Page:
Qaddafi’s air force ferries fresh troops for Tripoli
Hours after the UN Security Council unanimously imposed sanctions on Col. Muammar Qaddafi and his regime, his reactivated air force was flying army and tribal reinforcements from the south and landing them at the military airfields of Tripoli, Misrata and Sirte. debkafile's military sources report. Sunday night, Feb. 27, men were immediately deployed at the main road intersections leading to the capital.
This move at the current stage of Libya's civil war lessens the military significance of the rebels' reported takeover of towns around Tripoli, including Al Zawiya to the west, from which Qaddafi's forces pulled back to guard the main road to Tripoli.
For now, the rebels face four main difficulties:
1. They lack organized military strength to stand up to Qaddafi's professionally-trained and equipped soldiers. This imbalance can only be offset by a mutiny in the army's ranks or assassination.2. Instead of digging in and consolidating their control of the eastern part of the country after its capture, the rebels went after Tripoli in order to topple Qaddafi. Sunday night, this goal looked unattainable.
3. They have rejected US and European offers of military assistance in the strongest terms warning that if foreign troops intervened they would redirect their guns from Qaddafi on the interlopers.
4. The rebels are fighting without air cover, while Qaddafi's forces command enough air power and air fields in the south to keep up a steady flow of fresh fighting men in his support.
Early Sunday, Feb. 27, US President Barack Obama called on Libyan ruler Col. Muammar Qaddafi to leave now, having lost the legitimacy to rule since "his only means of staying in power is to use violence against his own people," and the UN Security Council's 15 members unanimously slapped down wide-reaching sanctions on members of his family and regime commanders, calling for an immediate International Criminal Court probe of Qaddafi, his seven sons and daughter and military commanders, on charges of war crimes and crimes against humanity.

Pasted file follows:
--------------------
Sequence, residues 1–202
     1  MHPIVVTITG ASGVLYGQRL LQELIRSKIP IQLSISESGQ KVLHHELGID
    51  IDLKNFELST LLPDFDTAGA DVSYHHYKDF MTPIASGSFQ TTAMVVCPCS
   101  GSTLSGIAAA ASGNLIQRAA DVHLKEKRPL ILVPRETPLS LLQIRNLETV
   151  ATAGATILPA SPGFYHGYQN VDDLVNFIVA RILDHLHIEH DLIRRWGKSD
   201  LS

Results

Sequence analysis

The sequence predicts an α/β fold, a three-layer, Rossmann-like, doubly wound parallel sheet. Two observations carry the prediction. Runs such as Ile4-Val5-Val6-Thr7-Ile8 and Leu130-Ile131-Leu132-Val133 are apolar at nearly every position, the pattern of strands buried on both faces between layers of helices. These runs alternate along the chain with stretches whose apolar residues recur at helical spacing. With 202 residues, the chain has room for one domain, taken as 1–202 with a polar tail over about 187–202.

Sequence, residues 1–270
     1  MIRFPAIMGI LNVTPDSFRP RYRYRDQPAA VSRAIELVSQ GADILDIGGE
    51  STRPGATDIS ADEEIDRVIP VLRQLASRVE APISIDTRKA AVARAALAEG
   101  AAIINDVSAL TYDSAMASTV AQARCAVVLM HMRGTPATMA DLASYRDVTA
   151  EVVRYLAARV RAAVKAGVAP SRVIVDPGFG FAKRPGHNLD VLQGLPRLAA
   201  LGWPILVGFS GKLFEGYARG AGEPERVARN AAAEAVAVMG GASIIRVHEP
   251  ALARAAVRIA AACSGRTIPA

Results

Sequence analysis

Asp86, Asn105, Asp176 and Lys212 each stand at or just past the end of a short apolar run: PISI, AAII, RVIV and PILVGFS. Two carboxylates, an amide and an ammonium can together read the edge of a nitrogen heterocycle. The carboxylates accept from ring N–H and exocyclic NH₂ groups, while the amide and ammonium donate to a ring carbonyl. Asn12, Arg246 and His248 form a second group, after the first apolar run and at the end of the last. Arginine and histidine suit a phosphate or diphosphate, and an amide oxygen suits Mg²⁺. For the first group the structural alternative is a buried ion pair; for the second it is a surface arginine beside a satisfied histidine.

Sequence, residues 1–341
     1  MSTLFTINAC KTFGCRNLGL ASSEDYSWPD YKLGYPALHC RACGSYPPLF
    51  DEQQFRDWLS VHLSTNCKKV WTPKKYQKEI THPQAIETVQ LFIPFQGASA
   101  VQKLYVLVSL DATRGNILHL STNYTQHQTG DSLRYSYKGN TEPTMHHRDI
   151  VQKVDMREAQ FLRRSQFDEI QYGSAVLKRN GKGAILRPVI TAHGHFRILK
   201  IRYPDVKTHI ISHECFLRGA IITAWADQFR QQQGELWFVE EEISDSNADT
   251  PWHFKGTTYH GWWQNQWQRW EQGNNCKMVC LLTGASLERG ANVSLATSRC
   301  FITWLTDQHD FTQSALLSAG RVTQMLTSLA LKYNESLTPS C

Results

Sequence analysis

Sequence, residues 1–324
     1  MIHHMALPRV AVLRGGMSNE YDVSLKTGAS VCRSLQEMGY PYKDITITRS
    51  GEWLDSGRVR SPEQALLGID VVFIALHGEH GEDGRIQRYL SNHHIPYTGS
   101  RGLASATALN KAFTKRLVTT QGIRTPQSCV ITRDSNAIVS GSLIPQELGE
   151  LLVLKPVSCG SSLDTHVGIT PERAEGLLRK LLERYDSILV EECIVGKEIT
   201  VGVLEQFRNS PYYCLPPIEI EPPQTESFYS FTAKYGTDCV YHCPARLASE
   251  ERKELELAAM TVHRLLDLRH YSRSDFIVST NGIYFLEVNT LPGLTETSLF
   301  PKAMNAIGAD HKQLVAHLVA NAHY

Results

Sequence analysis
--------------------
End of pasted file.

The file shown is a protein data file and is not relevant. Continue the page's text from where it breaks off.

In Libya, former Libyan Justice Minister Mustafa Abdul Jalil has established a provisional government in Benghazi.
President Obama, having issued his statement after a long telephone conversation with German Chancellor Angela Merkel, cannot expect Qaddafi's removal to be easy or quick. American, European and possibly Arab forces may need to enforce the Security Council resolution because, unlike Egypt's Hosni Mubarak, the Libyan ruler, according to debkafile's military and Middle East sources, is not about to go willingly.
He was fully prepared militarily for the challenge of popular dissent to his rule by creating a well-armed and trained paramilitary force of 20,000 loyal troops outside Libya's conventional army. He also laid up a war chest of many billions of petrodollars stashed out of reach of sanctions enforcers.
Living under the pressure of sanctions is not a new experience for Qaddafi who survived them for 20 years of his 41 years in power over his sponsorship of international terrorists. He also withstood an American bombardment of his residence in April 1986.
By dismantling and passing to Washington his nuclear weapons program in 2003, the Libyan ruler won another eight years in power. He believes he can escape international and American ire once again, although for the first time he has lost half his country and Western armies may appear on his doorstep at the invitation of the transitional government of Cyrenaica. Libya's final chapter under Qaddafi rule is still to come.